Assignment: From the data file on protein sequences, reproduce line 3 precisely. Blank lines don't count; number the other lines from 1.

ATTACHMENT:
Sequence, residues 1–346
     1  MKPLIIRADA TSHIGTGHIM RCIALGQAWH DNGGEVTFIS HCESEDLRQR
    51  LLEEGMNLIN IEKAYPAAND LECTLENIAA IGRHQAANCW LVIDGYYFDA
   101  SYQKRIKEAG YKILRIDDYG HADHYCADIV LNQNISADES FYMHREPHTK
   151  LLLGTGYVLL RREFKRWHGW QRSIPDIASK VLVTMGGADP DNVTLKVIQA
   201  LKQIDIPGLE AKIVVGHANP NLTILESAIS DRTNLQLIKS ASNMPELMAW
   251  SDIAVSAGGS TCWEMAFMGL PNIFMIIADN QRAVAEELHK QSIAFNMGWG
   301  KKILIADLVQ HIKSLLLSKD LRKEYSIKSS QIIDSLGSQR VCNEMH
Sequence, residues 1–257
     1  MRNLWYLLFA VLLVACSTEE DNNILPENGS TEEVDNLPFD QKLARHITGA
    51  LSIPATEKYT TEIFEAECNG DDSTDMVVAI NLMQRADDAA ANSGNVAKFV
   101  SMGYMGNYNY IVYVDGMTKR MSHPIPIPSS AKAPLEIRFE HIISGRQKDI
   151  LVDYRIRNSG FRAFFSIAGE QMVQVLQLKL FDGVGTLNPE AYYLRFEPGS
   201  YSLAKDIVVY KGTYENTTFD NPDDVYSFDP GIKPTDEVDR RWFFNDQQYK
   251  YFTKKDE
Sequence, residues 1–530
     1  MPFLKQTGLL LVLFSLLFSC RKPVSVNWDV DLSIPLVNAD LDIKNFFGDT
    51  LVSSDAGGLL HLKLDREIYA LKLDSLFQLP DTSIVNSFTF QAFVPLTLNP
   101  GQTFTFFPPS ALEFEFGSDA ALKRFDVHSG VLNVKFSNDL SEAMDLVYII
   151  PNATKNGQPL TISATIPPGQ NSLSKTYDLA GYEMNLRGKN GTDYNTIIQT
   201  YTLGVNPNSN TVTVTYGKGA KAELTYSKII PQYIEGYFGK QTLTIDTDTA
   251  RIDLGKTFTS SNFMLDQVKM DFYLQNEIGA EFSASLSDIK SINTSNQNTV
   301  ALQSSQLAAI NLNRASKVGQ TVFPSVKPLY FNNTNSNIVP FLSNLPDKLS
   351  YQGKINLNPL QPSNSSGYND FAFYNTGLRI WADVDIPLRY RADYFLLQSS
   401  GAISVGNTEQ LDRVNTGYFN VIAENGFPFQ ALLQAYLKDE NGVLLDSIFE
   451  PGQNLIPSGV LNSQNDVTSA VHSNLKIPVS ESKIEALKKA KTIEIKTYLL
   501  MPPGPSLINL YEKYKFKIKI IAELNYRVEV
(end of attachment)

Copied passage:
    51  LLEEGMNLIN IEKAYPAAND LECTLENIAA IGRHQAANCW LVIDGYYFDA